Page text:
The 2012 Bathurst 12 Hour started in the pre-dawn chill on Australia’s Mount Panorama on Sunday morning in Australia, and the leaders took off in a hurry to try to stay warm, it seemed.
After two hours at a screaming pace, mechanical failures and rain changed the face of the race; most of the next hour was run under yellow.
The #1 Phoenix racing Audi of started from the pole but on lap three, the Maranello Motorsports Ferrari 458 of Allan Simonson took the lead tore off a stream of record-setting laps before an ECU error slowed the car on lap 28.
“It was very exciting straight out especially when the race started,” Simonson said on the Bathurst 12 Hour website. “We hadn’t done any sessions in the dark and I realized on the warm-up lap that I didn’t have any high beams. It was good that the Audi was quick at the start—I could let him light up the track o I knew where I was going. Once we got into the groove and the sun came up I had good car speed and was able to pull away.
On lap 28, as Simonson was preparing to pit, the car suddenly slowed; Simonson barely made it up the mountain to coast back to the pits.
The fuel gauge is wrong,” Simonson explained. “They told me to pit on the lap that I was coming around on but as soon as they said “You’ve got to pit this lap,’ it started coughing.”
Apparently the electronic control unit decided the car was out of gas, so it put the car into minimum-performance. Simonson filled up did a lap, and had to come back to reboot the ECU. He lost two laps because of the problem.
“It’s such a long race–anything can happen in 12 hours,” he said. “It’s not nice to come up a couple of laps down to begin with, but we’ve got a strong car and a strong driver lineup so I’m pretty confident. “
Once the car started working again, Simonson went out and set a few more lap records. Simonson brought the Ferrari 458 back into the pits after two hours for fuel and a driver change, when bad luck hit again—the #14 Seat blew a turbo and stopped on Conrod Straight, bringing out the race’s first safety car. Simonson missed the chance to pit under yellow and make up a lot more time.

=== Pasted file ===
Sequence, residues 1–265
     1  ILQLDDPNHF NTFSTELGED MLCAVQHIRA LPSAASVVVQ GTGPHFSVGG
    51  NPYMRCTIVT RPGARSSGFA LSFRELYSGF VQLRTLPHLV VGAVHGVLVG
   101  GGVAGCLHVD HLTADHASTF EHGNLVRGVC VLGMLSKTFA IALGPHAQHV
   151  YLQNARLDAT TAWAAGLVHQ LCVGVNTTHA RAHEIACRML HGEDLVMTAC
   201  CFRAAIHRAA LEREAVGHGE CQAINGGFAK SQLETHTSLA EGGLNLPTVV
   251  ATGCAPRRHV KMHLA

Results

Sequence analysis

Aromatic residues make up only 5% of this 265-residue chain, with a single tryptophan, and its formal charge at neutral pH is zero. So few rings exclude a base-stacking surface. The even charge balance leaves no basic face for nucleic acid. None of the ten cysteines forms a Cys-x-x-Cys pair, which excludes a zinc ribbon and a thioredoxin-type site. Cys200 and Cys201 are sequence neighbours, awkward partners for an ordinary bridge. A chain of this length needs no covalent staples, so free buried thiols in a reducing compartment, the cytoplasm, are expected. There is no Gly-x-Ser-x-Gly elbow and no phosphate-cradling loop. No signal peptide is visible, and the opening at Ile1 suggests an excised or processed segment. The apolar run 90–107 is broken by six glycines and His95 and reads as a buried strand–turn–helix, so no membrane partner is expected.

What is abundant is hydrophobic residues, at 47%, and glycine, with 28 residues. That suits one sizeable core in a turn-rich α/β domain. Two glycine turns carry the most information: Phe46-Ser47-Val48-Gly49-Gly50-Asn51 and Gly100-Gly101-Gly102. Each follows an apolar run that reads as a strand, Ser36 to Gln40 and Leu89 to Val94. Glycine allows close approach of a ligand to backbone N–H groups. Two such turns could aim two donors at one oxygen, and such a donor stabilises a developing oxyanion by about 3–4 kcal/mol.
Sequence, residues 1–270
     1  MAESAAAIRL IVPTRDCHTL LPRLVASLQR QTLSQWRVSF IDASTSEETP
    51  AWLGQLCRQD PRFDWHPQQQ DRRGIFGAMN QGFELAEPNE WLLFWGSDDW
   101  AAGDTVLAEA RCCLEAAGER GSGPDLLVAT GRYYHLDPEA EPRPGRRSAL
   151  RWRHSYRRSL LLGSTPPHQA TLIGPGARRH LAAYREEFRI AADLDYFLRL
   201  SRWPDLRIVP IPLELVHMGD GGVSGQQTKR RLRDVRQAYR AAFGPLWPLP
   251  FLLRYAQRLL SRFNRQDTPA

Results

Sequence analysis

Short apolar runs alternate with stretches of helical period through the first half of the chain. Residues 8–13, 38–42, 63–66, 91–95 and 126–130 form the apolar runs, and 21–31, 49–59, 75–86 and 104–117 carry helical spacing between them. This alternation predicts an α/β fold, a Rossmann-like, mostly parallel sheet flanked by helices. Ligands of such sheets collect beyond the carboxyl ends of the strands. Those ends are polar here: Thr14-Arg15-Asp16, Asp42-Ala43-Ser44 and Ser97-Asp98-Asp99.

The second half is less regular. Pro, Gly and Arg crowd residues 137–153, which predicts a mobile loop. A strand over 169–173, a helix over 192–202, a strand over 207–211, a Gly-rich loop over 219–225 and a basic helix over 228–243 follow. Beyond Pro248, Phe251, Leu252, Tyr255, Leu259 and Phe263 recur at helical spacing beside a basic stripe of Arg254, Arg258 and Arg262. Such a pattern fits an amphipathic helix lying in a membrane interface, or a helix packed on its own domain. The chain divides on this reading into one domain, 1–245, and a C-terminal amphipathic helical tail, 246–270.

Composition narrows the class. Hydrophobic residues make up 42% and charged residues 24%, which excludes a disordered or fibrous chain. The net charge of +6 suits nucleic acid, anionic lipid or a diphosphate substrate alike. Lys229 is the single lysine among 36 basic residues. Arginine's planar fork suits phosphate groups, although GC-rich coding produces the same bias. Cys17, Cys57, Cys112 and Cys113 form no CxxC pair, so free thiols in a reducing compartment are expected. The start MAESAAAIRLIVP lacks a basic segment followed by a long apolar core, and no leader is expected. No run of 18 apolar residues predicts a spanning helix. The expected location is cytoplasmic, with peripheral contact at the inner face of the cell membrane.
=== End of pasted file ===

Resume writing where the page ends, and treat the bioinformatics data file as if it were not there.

“I was pushing qualifying laps every lap—I wanted to try to gain back what we lost,” he concluded. “I got one lap back but safety car just played to our disadvantage— it came one lap too late. Our luck will change—12 hour is a long time.”
As the yellow flag waved, rain started to fall, complicating the competition. Teams didn’t know how long the rain would last, and whether or not to switch to wet tires.
The rain stayed light—just enough to make the track slick. Everyone stayed on slicks, and on the lap 57 restart Craig Lowndes in the #2 Phoenix Audi out-dragged his teammate Christer Joens in the #1 car to take the lead of the race.
That order wasn’t to last. Jeroen Bleekemolen in the #20 Erebus Racing Mercedes SLS AMG took second on lap 57 and passed Lowndes for the lead on lap 58.
While Bleekemolen fought for the lead, the #23 JBS Lamborghini and the #3 Hunter Porsche both spun; Bleekemolen nearly lost it a few seconds later.